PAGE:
Commute Time

Summary: Average travel time to work in minutes, one-way, for workers age 16 or older who work outside of home. Data for 2010 and 2019 represent five-year averages (e.g. 2015-2019).

Data Source(s): Integrated Public Use Microdata Series, IPUMS USA, University of Minnesota, www.ipums.org, 1990 and 2000 5% samples, 2010 and 2019 American Community Survey 5-year samples.

Universe: All workers ages 16 and older who work outside of home.

Methods: The commute time among workers age 16 or older who work outside of home was calculated by race/ethnicity, gender, nativity, ancestry, commute mode and poverty level for each year and geography. Private vehicles include cars, trucks, and motorcycles; public transportation includes buses, streetcars, subways/light rails, railroads, taxicabs, and ferryboats; walk or bike includes bicycles, walking, and other modes. See the methodology page for other relevant notes.

Notes:

  • Latinos include people of Hispanic origin of any race and all other groups exclude people of Hispanic origin.
  • Workers are defined as people who reported working during the week prior to the survey (and they had to have worked outside of home to be included in the universe).
  • Data for 2010 and 2019 represent 2006-2010 and 2015-2019 averages, respectively.

Housing Burden

Summary: The share of owner- and renter-occupied households that are cost-burdened (spending more than 30 percent of income on housing costs) and "severely" cost-burdened (more than 50 percent). Data for 2010 and 2019 represent five-year averages (e.g. 2015-2019).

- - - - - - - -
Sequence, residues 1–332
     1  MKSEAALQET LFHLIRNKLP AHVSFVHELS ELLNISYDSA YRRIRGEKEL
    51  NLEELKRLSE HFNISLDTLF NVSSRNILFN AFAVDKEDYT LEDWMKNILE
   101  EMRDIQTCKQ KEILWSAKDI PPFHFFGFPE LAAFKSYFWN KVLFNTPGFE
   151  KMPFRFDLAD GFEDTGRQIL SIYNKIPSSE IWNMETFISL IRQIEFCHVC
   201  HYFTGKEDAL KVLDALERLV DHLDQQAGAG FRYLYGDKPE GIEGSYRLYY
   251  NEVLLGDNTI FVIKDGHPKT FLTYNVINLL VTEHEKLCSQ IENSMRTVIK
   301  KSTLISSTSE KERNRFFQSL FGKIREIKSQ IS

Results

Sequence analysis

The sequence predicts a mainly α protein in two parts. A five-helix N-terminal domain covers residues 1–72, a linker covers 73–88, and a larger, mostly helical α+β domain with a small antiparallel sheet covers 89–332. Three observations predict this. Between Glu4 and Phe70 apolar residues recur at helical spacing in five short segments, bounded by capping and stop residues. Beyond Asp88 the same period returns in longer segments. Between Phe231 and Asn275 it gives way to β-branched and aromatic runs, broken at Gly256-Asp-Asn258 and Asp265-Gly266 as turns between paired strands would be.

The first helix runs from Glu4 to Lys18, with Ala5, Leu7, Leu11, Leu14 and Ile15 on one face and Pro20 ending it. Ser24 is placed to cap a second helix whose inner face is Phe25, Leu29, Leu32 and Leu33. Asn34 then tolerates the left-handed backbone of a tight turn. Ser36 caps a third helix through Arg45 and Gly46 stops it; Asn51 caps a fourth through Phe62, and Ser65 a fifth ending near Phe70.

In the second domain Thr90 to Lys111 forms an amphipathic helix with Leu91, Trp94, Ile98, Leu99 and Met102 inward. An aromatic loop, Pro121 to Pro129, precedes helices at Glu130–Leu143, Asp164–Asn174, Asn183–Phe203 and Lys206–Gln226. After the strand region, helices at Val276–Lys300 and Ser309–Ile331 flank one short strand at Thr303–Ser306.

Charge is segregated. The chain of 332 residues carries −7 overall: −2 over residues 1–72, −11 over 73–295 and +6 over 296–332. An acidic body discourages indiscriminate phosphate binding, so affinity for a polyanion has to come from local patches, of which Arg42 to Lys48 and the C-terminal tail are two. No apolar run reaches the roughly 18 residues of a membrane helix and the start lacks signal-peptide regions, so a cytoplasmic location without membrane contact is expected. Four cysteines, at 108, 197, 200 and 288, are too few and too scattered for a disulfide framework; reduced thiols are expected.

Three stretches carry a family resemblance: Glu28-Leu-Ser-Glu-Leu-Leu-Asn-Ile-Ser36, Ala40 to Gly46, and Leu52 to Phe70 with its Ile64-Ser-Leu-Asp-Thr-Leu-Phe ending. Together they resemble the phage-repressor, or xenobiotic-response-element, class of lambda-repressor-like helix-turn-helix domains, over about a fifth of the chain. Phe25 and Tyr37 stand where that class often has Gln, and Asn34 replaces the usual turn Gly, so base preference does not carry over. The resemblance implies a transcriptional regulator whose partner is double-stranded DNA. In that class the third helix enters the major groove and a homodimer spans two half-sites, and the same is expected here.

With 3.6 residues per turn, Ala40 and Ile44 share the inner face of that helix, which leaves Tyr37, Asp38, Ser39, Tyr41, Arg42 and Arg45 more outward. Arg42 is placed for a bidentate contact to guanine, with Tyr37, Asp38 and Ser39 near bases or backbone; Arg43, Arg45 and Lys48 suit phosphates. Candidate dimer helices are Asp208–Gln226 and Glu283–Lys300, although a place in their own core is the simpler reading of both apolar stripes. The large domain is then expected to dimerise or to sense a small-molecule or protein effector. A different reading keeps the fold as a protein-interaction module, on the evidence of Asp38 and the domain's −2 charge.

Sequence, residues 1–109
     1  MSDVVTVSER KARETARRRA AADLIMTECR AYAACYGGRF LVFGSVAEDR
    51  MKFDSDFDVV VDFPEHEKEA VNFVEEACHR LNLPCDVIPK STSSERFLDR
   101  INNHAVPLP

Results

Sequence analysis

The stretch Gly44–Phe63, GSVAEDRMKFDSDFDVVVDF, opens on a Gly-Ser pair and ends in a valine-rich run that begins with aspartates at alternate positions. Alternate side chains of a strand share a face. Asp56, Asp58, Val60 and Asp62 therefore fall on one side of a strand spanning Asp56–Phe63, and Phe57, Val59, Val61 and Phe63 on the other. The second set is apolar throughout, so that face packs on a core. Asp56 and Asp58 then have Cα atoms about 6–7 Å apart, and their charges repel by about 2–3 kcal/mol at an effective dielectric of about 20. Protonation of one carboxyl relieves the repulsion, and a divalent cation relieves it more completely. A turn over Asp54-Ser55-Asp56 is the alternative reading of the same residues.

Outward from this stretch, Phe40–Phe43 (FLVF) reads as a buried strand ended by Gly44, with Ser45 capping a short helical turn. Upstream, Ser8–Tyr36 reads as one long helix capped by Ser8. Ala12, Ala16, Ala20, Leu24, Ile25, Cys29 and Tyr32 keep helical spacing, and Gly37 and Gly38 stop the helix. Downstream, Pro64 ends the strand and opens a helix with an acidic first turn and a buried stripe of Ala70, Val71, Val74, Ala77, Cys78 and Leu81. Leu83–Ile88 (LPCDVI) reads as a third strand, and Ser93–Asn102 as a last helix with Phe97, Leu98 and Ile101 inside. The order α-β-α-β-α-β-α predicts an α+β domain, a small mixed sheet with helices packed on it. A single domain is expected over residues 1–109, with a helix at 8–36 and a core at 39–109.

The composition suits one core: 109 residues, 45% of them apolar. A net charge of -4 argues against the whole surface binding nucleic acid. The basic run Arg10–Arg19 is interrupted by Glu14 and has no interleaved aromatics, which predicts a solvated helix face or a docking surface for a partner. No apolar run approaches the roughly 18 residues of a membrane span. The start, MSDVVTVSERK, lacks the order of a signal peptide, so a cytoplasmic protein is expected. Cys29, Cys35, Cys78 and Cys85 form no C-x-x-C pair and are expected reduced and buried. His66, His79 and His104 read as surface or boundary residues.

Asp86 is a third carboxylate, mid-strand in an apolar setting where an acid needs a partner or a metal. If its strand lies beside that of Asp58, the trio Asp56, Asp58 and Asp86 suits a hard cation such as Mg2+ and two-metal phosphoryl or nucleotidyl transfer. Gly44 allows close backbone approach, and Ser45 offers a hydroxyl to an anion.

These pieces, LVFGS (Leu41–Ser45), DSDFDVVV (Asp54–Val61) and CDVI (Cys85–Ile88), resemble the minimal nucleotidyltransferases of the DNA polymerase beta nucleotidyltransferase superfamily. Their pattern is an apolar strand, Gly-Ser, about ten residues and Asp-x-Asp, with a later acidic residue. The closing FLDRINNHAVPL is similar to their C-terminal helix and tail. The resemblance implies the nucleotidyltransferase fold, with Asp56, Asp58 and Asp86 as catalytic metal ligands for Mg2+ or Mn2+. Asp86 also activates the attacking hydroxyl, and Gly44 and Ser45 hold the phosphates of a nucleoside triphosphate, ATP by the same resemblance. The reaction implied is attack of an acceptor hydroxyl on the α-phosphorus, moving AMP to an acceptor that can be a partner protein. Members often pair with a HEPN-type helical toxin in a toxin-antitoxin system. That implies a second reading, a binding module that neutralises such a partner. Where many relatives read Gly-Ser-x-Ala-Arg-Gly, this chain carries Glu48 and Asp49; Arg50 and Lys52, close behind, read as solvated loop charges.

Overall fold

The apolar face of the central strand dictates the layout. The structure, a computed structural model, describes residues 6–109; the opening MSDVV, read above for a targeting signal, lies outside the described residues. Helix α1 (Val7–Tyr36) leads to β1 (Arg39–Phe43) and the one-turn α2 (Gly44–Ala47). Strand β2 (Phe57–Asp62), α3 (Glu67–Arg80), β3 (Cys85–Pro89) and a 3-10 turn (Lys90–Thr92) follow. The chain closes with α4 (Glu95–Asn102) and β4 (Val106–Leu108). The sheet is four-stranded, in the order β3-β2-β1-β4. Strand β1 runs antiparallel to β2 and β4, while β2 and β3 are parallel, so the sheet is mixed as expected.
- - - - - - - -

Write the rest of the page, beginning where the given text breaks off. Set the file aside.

Data Source(s): U.S. Census Bureau, 2010 and 2019 American Community Survey 5-year Summary Files; GeoLytics, Inc., 2000 Long Form in 2010 Boundaries; Integrated Public Use Microdata Series, IPUMS USA, University of Minnesota, www.ipums.org, 1990 and 2000 5% samples, 2010 and 2019 American Community Survey 5-year samples.

Universe: Occupied households with housing costs, excluding non-traditional owner-occupied households (e.g. multi-unit structures and trailers).

Methods: The number and percentage of burdened and severely burdened households was calculated by tenure (owner vs. renter), race/ethnicity, gender, nativity, ancestry and poverty level for each year and geography. Housing costs for renters include contract rent as well as utilities while housing costs for owners includes most costs of owning a home such as mortgage, insurance, utilities, real estate taxes and other costs. See the methodology page for other relevant notes.

Notes:

  • No data is available for homeowners in 2000.
  • Latinos include people of Hispanic origin of any race and all other groups exclude people of Hispanic origin.
  • Demographic characteristics are based on those of the householder.
  • Housing costs are based on the month the survey was conducted.
  • Data for 2000 is based on a survey that year but reflects income from the year prior, while data for 2010 and 2019 represent 2006-2010 and 2015-2019 averages, respectively.
  • No data are reported for geographies in the map breakdown if based on fewer than 100 households.

Car Access

Summary: The percentage of households with no vehicle. Data for 2010 and 2019 represent five-year averages (e.g. 2015-2019).

Data Source(s): Integrated Public Use Microdata Series, IPUMS USA, University of Minnesota, www.ipums.org, 1990 and 2000 5% samples, 2010 and 2019 American Community Survey 5-year samples.

Universe: All households.

Methods: The percentage of households with no vehicle was calculated by race/ethnicity, gender, nativity, and ancestry for each year and geography. See the methodology page for other relevant notes.

Notes: